Lessons I've learned about Google+ watching reactions to my post about brand pages getting wiped out.

1) I've never, ever seen a place that's more pro-Google than this. Consider that usually, I'm having to defend myself as not being a Google fanboy, I've found a home where apparently, some people seem to think I chant "Death To Google" in my spare time. Twitter, Facebook are far, far more balanced. And if I write something that might seem "anti-Twitter" on Twitter or "anti-Facebook" on Facebook, the reactions are far more balanced.

2) However things are growing, the activity is clearly not as much on Twitter. I did four posts about the brand issue today, one in the morning, then three fairly close to each other in the afternoon (all times Hawaiian). This caused a reaction among some that I'm all obsessed with the issue, flooding their streams, all I talk about, whatever. On Twitter, these would hardly be noticed by most people, who seem to have streams filled with information. Here, clearly it's an annoyance to share more than one subject item.

3) Related to the above, on Twitter it is uncommon to share different links close together on a common subject. Here, as I said, it seems to be an annoyance. I'd wish that there was a way to have more than one link to a story. But if I were to wish that, it would probably be taking as an unfair criticism that Google+ isn't perfect, and therefor I must hate Google.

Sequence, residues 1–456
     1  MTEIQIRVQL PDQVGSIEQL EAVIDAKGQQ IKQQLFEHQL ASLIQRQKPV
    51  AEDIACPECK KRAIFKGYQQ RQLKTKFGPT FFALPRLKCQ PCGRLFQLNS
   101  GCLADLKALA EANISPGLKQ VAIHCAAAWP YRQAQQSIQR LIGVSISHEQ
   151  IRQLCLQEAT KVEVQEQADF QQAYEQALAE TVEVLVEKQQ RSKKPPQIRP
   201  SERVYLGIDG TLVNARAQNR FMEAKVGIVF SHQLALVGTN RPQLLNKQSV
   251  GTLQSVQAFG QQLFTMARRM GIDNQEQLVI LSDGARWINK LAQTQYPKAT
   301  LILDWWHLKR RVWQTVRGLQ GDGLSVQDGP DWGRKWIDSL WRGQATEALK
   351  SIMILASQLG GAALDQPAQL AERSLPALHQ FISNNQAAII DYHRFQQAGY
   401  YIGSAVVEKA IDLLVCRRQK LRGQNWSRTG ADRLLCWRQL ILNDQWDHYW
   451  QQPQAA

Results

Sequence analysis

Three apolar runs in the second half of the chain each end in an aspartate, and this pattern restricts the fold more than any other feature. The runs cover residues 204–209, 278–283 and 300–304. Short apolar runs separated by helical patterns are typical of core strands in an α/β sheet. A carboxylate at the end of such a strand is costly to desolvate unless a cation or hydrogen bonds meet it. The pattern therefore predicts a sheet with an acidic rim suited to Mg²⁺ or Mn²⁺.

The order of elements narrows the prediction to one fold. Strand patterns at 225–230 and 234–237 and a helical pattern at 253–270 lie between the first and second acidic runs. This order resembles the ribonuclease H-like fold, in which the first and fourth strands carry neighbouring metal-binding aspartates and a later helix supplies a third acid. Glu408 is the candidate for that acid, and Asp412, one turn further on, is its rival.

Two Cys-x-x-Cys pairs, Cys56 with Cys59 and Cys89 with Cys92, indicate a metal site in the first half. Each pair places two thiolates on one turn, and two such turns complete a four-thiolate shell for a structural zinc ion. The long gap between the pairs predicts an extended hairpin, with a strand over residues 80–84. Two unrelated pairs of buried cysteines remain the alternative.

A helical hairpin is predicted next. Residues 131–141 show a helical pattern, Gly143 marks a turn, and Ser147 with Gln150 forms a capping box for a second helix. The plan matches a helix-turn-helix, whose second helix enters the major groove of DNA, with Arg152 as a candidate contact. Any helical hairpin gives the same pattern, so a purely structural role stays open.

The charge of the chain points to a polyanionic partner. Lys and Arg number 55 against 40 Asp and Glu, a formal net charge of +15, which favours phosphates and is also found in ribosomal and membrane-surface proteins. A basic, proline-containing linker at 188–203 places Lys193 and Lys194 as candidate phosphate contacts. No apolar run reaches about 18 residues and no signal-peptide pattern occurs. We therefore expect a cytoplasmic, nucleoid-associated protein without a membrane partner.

4) While getting instant feedback is nice, some of the comments are of so poor quality that it reminds me why I often don't comment at places like Hacker News or Slashdot. There I often find people want to argue back off the cuff without having actually read anything I've written or ignore things that I've documented. I love comments. I don't love uninformed knee jerk reactions. Does anyone?

5) A profanity filter would be welcome. There's only so many times someone can tell you to f-off that you begin to feel the community of a place isn't that much of a friendly community.

6) Turning off comments would be nice. Because you know, at some point you've said all you want to say, responded to all you can respond to, and having them keep running and running just feels like unnecessary work. CORRECTION: As noted in the comments, I've entirely missed this is possible. Excellent. Good thing I didn't turn them off here.

7) That some people seem unable to grasp the concept that a company actually likes to get criticism, that a smart company grows from it. I have written far more indepth criticisms of Google in my years of covering them than pointing out the relatively minor issue of their brand problem today. I've had Googlers themselves thank me for it, Some because they agree, and it gives them the ability to push ahead for change. Some because they don't agree, but they appreciate that I took the time to explain an issue, why it's an issue and clearly care enough to want it to change.

The experience has led me to think that ironically, Google+ is perhaps the worse place to talk about issues with Google. The posts people seem to like are "Hey, check out today's cool logo" or nice pictures or cheerleading for Google+.

I think that's kind of sad, especially when there are so many people who actually work for Google who read what's on Google+. Today's experience has just given me a personal chilling effect that I have never, ever felt with Twitter or Facebook. And I'd have never, ever expected that to be the case with a Google social network.

Finally, unless you really have to be profane (and I like to swear as much as anyone), don't. And you know, in general if I think someone is so full of it when they post something, I generally don't bother to comment at all. If I do, I'll usually do something more substantial to explain why. And the comments I've seen on critical pieces I've posted or other have would be 1000% better if that were more common.
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